At least one reviewer sniffed disapprovingly at Sapolsky’s insistent jocularity in “A Primate’s Memoir” (some passages are not just funny, they’re very, very funny, hysterical even; he’s the secret love child of Hunter S. Thompson and Jane Goodall, P.J. O’Rourke on scriptwriting duty for Animal Planet), yet his over-the-topness is what makes his writing such an invigorating hoot, while reminding us that much of what’s happening on this chaotic rock is tinged, if not suffused, with disordered-to-the-core madness, a realization that somehow makes even the grimmest reports (and life in general) bearable.
Sapolsky isn’t just a writer; he’s also a scientist, a professor of biology and neurology at Stanford University, a research associate with the Institute of Primate Research, National Museum of Kenya, and the recipient of a MacArthur Foundation grant. His baboon research focuses on the dominance ranking among troop members, and what effect their social behavior and individual personalities may have on stress-related diseases. According to his page on the Stanford Web site, his laboratory “was among the first to document that sustained stress can damage the hippocampus, a region of the brain central to learning and memory,” and he’s been associated with numerous other discoveries and the use of innovative techniques in the field of neuroendocrinology. In other words, his offhand observations about baboons and humans are not as offhand as they may seem. What’s more, perhaps because pathos is humor unplugged, Sapolsky conveys the appalling (a devastating T.B. plague among his troop; a visit to the side-by-side graves of Dian Fossey and her beloved gorilla Digit, both of whom were murdered) and the transcendent (his love for his wife) with as much emotional resonance as the funny stuff.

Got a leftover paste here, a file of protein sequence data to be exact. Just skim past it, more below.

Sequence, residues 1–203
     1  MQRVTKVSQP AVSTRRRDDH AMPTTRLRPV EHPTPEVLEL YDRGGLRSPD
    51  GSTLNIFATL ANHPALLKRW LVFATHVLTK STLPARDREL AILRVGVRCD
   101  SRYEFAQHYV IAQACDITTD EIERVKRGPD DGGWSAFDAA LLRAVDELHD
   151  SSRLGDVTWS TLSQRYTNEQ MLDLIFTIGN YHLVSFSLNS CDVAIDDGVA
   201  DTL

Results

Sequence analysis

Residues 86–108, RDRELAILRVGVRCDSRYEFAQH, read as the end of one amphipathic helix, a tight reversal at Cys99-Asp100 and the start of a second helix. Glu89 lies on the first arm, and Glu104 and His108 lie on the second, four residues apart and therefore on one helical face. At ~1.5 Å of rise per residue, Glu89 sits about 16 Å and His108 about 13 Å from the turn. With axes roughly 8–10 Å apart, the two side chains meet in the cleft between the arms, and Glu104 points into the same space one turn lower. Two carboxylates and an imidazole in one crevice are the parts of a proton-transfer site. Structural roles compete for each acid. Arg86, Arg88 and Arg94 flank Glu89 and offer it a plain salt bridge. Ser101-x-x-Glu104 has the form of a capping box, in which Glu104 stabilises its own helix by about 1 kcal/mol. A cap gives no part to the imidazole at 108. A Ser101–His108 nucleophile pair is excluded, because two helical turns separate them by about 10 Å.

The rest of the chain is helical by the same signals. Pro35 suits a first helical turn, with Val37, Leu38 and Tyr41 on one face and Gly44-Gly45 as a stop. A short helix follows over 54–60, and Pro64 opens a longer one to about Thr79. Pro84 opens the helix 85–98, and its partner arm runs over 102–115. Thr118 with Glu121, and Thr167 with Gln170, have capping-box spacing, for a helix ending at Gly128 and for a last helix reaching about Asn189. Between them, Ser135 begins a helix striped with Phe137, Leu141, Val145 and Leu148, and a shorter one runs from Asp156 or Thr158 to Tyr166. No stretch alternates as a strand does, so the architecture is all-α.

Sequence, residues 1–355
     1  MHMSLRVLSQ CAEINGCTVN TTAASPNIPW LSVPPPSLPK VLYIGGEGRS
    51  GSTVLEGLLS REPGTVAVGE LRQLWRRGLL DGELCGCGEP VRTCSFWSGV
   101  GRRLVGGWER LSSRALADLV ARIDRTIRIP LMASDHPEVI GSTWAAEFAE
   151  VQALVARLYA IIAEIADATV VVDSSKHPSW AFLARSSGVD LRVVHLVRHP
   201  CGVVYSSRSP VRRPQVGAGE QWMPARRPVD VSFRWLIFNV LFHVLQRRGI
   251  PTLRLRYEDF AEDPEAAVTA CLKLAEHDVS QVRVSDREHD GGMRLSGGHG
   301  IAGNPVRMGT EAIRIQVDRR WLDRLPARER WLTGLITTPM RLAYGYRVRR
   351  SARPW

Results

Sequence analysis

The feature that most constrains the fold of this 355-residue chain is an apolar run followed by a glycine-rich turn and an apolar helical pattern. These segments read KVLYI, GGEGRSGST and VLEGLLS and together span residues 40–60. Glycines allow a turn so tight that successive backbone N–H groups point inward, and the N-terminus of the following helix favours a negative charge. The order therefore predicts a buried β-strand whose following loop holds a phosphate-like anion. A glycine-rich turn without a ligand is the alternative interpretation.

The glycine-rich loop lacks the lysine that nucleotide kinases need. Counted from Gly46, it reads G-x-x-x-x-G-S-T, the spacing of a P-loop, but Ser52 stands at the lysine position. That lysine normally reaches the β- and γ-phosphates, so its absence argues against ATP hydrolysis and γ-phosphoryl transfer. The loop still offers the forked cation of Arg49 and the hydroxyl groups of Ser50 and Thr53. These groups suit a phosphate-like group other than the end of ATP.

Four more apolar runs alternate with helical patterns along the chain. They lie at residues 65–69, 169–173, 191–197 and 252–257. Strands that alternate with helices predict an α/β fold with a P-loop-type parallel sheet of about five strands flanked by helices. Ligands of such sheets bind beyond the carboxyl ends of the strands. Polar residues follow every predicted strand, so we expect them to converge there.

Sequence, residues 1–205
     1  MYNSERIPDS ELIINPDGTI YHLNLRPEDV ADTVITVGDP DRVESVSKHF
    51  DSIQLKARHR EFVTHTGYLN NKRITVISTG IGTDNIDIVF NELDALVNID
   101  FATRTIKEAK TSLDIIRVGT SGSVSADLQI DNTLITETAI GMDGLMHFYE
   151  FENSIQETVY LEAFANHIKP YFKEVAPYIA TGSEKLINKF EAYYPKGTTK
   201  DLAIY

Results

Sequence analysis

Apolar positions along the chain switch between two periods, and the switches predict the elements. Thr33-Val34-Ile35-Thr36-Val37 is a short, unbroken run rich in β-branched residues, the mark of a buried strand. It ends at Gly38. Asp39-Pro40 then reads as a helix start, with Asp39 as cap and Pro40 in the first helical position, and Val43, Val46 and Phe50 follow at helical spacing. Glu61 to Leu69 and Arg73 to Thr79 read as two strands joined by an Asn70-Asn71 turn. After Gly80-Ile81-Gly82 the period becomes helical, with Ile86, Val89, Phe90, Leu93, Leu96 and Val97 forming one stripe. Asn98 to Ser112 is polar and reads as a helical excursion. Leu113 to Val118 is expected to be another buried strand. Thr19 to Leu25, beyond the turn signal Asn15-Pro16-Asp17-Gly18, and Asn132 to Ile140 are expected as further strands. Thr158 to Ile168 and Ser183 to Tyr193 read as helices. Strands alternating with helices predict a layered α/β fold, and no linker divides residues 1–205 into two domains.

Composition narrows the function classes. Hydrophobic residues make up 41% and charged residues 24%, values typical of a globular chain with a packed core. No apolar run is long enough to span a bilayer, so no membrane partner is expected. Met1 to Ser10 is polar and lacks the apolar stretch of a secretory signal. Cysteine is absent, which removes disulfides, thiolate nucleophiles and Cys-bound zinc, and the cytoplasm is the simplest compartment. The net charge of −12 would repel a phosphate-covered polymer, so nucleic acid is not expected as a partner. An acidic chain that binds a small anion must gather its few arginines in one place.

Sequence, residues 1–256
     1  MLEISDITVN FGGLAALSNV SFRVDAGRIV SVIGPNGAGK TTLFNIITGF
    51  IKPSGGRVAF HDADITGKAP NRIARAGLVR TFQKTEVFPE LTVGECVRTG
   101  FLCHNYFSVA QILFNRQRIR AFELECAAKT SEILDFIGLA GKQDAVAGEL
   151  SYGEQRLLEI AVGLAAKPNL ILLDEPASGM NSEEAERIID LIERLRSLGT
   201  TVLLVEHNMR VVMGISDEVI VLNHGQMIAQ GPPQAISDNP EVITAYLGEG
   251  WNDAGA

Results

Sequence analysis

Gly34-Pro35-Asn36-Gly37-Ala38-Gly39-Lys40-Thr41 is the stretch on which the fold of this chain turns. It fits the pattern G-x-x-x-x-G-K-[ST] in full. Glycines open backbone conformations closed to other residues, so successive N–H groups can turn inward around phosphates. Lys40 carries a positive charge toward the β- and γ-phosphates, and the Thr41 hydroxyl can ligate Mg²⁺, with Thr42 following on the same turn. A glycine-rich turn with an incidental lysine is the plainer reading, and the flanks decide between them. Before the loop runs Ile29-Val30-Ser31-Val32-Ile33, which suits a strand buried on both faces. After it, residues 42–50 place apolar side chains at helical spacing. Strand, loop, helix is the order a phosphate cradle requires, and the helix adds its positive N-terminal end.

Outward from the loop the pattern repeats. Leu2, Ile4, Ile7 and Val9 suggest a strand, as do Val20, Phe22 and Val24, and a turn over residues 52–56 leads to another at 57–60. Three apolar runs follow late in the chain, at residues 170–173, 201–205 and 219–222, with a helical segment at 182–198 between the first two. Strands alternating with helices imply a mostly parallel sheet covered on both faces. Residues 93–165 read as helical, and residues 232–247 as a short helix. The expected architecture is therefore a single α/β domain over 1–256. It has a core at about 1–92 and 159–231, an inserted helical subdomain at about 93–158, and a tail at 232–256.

I asked Sapolsky whether he got flak from colleagues who believe that a scientist should not also be a comedian. “There are two levels of hassle,” he said. “Do I get grief for the fact that in communicating, say, about the baboons I’m doing so much anthropomorphizing? One hopes that the parts that are blatantly ridiculous will be perceived as such. I’ve nonetheless been stunned by some of my more humorless colleagues — to see that they were not capable of recognizing that. The broader answer, though, is I’m not anthropomorphizing. Part of the challenge in understanding the behavior of a species is that they look like us for a reason. That’s not projecting human values. That’s primatizing the generalities that we share with them.
“The second level of my colleagues’ getting on me — apart from whether I’m communicating to nonscientists in a serious or nonserious way — is the issue of choosing to communicate to nonscientists, period. The snotty term in the field for what is done to you is that you are then ‘Saganized.’ If somebody can be spending his time [writing humorous accounts of his field experiences], he can’t possibly be serious about his own science anymore. Nobody has sat me down and given me a lecture about how I better watch it, but I’ve gotten covert signals. I don’t believe it’s necessarily petty or mean. In some cases I think they’re authentically concerned; in other cases it’s simply not conceivable to them how I could be interested in communicating with nonscientists and still be totally crazed with interest in my own science. But I don’t think their reaction is necessarily malevolent.”